Marilyn Monroe

Icons of the Century

She first came to notice in a couple of 1950 movies, “Asphalt Jungle” and “All About Eve.” The ripe blonde who was supposed to be both ornamental and negligible — a Hollywood cliche. But the moviegoer’s eye kept drifing her way. There was something about the lushness of her lips, the glow of her skin and hair, and the delicious, post-coital langor of her eyes, that altogether exuded luminous sensuality. It seemed like her voluptuous image ignited overnight: The blonde bombshell!

The chartered course of the establishment ’50s was outwardly set by frosty eminences like Dean Acheson and the Dulles brothers and overseen by a grandfatherly Dwight Eisenhower; but its paranoid psychic atmosphere was charged by McCarthyism and the deep anxiety over thermonuclear war and the Red Menace that threatened to wage it. A brittle WASP repression characterized our surface lives. Then Marilyn came along to show us that the fireball wasn’t nuclear, it was sexual.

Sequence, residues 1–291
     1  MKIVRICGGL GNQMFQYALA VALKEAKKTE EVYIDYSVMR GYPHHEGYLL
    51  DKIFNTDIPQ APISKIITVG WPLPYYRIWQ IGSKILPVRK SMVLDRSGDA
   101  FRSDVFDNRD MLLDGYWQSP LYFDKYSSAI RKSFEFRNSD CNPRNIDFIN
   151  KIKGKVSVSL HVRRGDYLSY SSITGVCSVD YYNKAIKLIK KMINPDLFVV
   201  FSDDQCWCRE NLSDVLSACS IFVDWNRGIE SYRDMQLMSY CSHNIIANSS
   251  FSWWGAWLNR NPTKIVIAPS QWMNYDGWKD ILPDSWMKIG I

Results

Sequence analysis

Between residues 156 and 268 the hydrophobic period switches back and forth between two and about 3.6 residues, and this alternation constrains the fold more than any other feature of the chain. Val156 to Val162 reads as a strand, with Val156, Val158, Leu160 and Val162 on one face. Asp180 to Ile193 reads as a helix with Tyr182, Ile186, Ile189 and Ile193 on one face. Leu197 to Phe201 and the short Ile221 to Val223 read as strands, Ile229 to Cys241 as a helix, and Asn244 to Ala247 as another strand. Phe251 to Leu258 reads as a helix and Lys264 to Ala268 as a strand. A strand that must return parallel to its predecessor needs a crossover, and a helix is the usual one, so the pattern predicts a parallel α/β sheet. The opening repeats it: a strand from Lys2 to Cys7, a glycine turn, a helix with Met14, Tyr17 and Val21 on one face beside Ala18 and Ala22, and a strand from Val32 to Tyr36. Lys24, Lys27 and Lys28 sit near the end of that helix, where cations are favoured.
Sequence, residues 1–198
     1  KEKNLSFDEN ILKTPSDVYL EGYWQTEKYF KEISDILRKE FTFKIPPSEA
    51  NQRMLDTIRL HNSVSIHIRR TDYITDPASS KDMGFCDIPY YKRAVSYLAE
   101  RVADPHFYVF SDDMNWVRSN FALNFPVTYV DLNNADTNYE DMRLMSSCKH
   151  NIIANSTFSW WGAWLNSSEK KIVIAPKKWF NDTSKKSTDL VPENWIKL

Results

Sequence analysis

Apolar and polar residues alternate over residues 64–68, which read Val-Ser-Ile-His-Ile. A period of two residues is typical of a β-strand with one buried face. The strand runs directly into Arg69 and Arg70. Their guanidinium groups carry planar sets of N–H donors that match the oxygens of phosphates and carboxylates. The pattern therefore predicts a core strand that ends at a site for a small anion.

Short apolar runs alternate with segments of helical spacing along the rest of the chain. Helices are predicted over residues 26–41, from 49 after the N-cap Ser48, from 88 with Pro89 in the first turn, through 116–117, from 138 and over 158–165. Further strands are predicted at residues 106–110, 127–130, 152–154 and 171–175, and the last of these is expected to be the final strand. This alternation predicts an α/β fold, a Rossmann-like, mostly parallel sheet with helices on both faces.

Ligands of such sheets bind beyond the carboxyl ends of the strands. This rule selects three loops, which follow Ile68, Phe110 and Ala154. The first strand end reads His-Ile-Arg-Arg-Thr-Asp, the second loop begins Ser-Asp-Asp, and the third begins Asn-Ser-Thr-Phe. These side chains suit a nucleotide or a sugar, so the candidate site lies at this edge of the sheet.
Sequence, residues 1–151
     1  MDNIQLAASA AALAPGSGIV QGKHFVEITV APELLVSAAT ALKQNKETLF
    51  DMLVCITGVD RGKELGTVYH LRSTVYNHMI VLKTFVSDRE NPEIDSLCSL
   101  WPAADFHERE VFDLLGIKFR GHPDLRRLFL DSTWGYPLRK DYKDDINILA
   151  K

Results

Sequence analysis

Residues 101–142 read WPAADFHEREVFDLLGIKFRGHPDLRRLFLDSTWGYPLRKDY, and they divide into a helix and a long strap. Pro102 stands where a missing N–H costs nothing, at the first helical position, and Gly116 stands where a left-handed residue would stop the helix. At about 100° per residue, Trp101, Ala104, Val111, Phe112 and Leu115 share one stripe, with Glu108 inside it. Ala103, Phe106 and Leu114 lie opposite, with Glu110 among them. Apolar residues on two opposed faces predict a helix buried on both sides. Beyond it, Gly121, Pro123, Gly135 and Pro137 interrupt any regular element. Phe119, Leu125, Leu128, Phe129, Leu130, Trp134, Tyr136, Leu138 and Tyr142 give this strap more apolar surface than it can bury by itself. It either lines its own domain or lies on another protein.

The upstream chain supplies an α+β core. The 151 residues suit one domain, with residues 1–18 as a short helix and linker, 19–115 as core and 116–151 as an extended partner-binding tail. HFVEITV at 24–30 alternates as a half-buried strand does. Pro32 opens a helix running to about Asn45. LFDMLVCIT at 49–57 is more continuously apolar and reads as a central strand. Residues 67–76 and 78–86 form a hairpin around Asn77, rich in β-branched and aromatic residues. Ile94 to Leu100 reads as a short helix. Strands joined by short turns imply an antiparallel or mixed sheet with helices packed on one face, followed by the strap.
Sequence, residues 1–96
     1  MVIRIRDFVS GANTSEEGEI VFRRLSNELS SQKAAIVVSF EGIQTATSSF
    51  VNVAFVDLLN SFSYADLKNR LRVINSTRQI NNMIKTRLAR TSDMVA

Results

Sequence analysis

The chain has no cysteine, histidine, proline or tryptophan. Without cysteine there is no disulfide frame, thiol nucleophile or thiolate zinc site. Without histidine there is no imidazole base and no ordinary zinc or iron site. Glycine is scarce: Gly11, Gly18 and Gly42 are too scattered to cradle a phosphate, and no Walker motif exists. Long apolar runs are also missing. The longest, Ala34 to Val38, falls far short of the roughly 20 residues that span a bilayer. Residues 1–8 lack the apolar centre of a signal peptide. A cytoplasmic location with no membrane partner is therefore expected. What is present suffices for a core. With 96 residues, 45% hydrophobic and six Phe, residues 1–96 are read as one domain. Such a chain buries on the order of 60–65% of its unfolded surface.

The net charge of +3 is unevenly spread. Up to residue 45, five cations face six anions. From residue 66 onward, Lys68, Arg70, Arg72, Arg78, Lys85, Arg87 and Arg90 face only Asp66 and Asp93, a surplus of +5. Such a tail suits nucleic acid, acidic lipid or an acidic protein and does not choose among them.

She became the most voyeuristically photographed and written-about woman in America. She wanted to be taken seriously as an artist. She married one of the nation’s greatest athletes, Joe DiMaggio, and then one of its leading playwrights and public intellectuals, Arthur Miller. In a black-and-white era, she captured radiant light. But she had outed the roiling American id and became its principal sex surrogate. There was no turning back. Though she made some good films and two classics (“Eve” and “Some Like It Hot”) she became her own meta-movie.

There have been any number of screen beauties whose stock-in-trade is sex, and plenty of them have had drug and booze and temperament issues. But there was a horrible, poignant innocence in Monroe’s media-plundered life. Her tender features never lost their covert plea for rescue from the torrential power she’d unleashed.

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